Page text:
Islamic lending has surprises in store
Customers who are eager to be Sharia compliant are flocking to Islamic banks. Yet as Islamic lending boasts that it charges no interest, crunching the numbers churns out something of a surprise. Some Islamic mortgages charge more than already high interest-based traditional mortgages. You could even argue that an Islamic mortgage is, in some cases, so expensive it is akin to usury. And the terms are often less favourable.
Take the current murabaha rates in Syria and Lebanon. Murabaha is an Islamic equivalent to a mortgage or car loan. Instead of lending the customer money and charging interest, the bank purchases the asset and resells it for a profit to the customer. This profit is the murabaha rate. The going murabaha rate in Syria starts at 5.5 per cent annually, and can go higher than 7 per cent. When you convert these figures to an interest-based mortgage, you get 9.5 per cent and 11.7 per cent respectively. This means that the most competitive murabaha rate is equivalent to the average traditional mortgage rate of 9.5 per cent.
If you purchase a million-dollar home with an annual murabaha rate of 5.5 per cent with 20 per cent down payment and a 10-year term, you end up paying US$440,000 (Dh1.6 million) in "profits" over the life of the murabaha to the bank. If you finance your home with a 9.5 per cent interest-based traditional mortgage with the same terms, you end up paying about $442,000 in total interest to the bank. And the terms on Murabaha are often stricter than those that come with a traditional mortgage. Murabaha products are usually for 10 years, compared with the 20-year or more traditional mortgage. Murabaha also requires a higher down payment.
Unlike, say, in the UK, there are no regulatory laws in Syria that require Islamic banks to quote their product in a way that is equivalent to an interest-based traditional mortgage to allow comparison shopping. The only way the average customer can convert murabaha to interest-based is with the help of a financial calculator and a professional. Given this lack of transparency, are customers unknowingly paying a premium to be Sharia compliant?
"Yes, I think people are willing to pay a premium to be with an Islamic bank," says Mamoun Darkazally, the chief executive of Al Baraka Bank in Syria. "We have a very strong Sharia committee." His bank offers an annual murahaba rate of 5.5 per cent "plus or minus two or three points depending on the client". He says the bank has already financed 150 assets worth 170m Syrian pounds (Dh13.5m) since it opened for business in June.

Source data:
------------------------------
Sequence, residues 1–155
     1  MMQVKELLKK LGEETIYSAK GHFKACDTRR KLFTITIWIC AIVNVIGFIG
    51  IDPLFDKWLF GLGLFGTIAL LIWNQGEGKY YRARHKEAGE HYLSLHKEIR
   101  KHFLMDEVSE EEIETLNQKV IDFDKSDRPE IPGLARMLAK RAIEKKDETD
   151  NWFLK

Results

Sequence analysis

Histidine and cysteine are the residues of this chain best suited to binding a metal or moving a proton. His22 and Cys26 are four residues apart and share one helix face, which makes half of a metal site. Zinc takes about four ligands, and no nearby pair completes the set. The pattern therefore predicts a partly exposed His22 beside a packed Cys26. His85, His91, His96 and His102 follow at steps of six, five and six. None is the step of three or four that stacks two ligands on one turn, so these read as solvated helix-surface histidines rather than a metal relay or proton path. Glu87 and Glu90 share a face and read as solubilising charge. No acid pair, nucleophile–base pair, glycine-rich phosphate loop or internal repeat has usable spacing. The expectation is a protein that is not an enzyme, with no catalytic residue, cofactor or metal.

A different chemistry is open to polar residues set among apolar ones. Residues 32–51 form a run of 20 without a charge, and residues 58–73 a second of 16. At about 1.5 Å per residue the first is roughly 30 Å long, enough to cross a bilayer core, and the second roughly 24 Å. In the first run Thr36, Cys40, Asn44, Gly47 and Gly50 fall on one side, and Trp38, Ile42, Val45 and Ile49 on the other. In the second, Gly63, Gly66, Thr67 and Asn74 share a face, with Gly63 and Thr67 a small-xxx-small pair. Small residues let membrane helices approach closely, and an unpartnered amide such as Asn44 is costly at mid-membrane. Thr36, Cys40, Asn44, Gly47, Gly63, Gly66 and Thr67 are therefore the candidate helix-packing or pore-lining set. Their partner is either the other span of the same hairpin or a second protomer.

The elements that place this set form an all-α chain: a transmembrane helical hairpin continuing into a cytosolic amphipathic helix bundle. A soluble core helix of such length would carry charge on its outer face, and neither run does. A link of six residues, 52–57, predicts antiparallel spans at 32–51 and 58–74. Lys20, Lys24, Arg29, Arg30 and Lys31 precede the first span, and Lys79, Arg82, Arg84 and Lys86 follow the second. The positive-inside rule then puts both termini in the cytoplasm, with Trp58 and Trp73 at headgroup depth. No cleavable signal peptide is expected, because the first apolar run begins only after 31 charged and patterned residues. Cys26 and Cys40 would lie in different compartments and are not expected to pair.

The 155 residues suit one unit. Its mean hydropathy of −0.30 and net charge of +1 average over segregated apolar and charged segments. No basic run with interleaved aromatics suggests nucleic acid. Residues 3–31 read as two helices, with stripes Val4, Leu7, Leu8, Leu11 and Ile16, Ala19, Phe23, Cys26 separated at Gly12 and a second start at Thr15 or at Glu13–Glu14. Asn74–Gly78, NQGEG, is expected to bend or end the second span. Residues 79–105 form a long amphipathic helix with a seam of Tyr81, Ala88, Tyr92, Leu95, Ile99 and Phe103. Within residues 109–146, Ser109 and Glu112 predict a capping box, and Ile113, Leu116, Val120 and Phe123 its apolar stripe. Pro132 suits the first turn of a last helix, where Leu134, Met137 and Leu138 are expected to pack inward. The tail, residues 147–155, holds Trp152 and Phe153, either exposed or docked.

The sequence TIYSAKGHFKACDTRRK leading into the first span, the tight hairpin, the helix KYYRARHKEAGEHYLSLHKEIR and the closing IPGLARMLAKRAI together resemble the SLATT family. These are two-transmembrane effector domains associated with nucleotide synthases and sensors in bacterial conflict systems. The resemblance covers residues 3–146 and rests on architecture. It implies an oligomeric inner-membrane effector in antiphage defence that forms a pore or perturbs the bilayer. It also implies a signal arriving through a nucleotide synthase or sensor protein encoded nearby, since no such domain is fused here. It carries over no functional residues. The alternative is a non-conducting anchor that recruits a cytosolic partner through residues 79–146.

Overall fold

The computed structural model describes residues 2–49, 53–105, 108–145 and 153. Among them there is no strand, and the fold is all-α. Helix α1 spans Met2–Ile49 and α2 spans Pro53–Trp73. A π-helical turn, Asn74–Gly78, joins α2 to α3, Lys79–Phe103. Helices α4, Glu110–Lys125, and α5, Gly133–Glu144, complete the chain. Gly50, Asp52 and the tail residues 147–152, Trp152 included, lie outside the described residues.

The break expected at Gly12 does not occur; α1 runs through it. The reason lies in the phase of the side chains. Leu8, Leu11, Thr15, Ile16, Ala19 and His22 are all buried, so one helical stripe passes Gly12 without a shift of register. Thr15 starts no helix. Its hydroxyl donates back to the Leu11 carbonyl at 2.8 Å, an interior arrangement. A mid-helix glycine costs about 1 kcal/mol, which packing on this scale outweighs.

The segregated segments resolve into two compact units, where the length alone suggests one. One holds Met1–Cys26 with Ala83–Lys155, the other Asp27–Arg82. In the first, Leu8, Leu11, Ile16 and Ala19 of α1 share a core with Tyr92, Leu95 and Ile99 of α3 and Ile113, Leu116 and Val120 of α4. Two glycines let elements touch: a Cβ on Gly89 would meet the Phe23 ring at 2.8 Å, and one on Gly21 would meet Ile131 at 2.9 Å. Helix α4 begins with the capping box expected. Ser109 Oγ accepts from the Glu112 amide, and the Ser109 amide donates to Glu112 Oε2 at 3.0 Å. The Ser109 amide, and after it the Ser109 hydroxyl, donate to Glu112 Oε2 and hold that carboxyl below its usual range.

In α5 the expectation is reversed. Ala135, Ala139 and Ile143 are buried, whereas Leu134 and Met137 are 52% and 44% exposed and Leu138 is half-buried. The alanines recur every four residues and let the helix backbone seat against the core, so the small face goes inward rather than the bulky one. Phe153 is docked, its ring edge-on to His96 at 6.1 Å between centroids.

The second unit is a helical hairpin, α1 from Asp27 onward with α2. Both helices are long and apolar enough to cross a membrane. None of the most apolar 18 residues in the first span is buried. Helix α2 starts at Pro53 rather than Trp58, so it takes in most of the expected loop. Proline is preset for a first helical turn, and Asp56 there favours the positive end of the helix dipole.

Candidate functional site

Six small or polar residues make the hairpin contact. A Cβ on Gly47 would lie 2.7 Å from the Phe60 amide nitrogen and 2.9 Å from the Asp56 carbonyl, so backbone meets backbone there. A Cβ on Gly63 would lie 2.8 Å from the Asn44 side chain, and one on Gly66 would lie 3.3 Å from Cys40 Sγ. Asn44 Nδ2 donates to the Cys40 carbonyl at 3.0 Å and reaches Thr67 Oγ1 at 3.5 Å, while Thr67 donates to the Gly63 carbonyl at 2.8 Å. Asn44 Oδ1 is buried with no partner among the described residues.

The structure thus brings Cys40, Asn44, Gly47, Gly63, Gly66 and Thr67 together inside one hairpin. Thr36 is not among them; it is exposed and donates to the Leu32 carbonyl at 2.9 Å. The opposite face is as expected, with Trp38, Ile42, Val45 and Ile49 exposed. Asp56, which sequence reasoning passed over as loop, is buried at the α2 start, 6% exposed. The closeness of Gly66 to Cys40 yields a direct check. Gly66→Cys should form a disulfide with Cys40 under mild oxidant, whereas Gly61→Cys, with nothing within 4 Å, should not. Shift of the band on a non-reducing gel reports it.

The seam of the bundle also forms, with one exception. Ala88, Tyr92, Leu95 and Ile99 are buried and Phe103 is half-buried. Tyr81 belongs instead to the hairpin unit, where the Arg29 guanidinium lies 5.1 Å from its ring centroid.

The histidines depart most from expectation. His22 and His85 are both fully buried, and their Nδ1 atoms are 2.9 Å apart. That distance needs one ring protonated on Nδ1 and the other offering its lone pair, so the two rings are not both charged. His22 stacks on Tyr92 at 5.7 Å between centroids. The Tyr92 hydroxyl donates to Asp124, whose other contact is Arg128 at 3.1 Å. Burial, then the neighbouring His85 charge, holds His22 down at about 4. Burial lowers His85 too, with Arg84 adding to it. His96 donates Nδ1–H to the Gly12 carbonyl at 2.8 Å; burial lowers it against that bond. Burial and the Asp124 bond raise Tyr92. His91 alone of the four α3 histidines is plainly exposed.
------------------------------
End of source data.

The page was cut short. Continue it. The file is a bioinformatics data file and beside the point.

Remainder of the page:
The other two Islamic banks now operating in Syria also boast high demand for their murabaha products. According to their annual reports, Syria International Islamic Bank doubled its income of murabaha products last year compared with 2008, cashing in 1.4 billion Syrian pounds. Speaking on condition of anonymity, one banker at the Islamic Cham Bank said that in spite of its higher annual murabaha rate of 7 per cent, it has had "so much demand the treasury is now full to capacity with assets".
There is another edge to the high lending rates in Syria and Lebanon, which might also explain the increase in demand. Property prices have tripled and quadrupled over the past decade. Beirut has four out of the six most expensive retail locations in the Middle East and Africa, according to this year's report by Cushman & Wakefield, a global property firm based in New York. Damascus Cham Centre, a shopping complex, comes in at seventh place, making it more expensive than Dubai's Mall of the Emirates.
Some bankers are pleased with this, pricing their products on the speculative idea that property prices will continue to rise. Explaining why the traditional mortgage rates are so high, one banker says: "Well, real estate in Syria keeps going up. So even with a high interest rate, the appreciation will still be higher." Mr Darkazally echoes this sentiment. "Real estate prices in Syria will never go down," he says.
Like most Arab consumers, Syrians are averse to borrowing money, which perhaps spared the country repercussions from the global credit crunch. Before 2005, when private banks were first allowed to operate, it was not unusual for the merchants of Damascus to keep their money under their mattress, let alone march into a bank asking for a loan or a murabaha. And Syrians are not flush with cash. The average monthly salary is about $150, and the most a highly skilled young professional can hope for is about $1,000 a month. Wages have barely kept up with inflation, which was 8 per cent last year, according to official statistics.
But Syrians are house-rich. Up to 95 per cent of homeowners own their home free and clear, says Mr Darkazally, having paid for it in cash or inherited it from family. So far no one seems to be borrowing against their home equity, and banks do not yet offer this option. Customers taking out traditional mortgages and murabaha seem to fall into three categories: those who cannot afford to purchase a home in full with cash, businesses that expect enough cash flow to cover the high murabaha or interest payments, and speculators with multiple homes.
So does this constitute aggressive lending? And could the speculative behaviour by customers and bankers on a property boom that has not yet gone bust lead down the same road that brought the world to its knees in the recent credit crunch? "Not in our day," says Mr Darkazally. email@example.com